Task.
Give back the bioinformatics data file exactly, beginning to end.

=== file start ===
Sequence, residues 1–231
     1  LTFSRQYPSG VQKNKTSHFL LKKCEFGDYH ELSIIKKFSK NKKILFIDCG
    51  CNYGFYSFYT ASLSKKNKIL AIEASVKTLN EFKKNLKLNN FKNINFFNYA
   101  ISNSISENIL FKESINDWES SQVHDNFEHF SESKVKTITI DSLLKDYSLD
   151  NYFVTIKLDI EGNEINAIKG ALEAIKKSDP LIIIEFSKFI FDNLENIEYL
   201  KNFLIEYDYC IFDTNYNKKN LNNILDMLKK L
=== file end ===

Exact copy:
Sequence, residues 1–231
     1  LTFSRQYPSG VQKNKTSHFL LKKCEFGDYH ELSIIKKFSK NKKILFIDCG
    51  CNYGFYSFYT ASLSKKNKIL AIEASVKTLN EFKKNLKLNN FKNINFFNYA
   101  ISNSISENIL FKESINDWES SQVHDNFEHF SESKVKTITI DSLLKDYSLD
   151  NYFVTIKLDI EGNEINAIKG ALEAIKKSDP LIIIEFSKFI FDNLENIEYL
   201  KNFLIEYDYC IFDTNYNKKN LNNILDMLKK L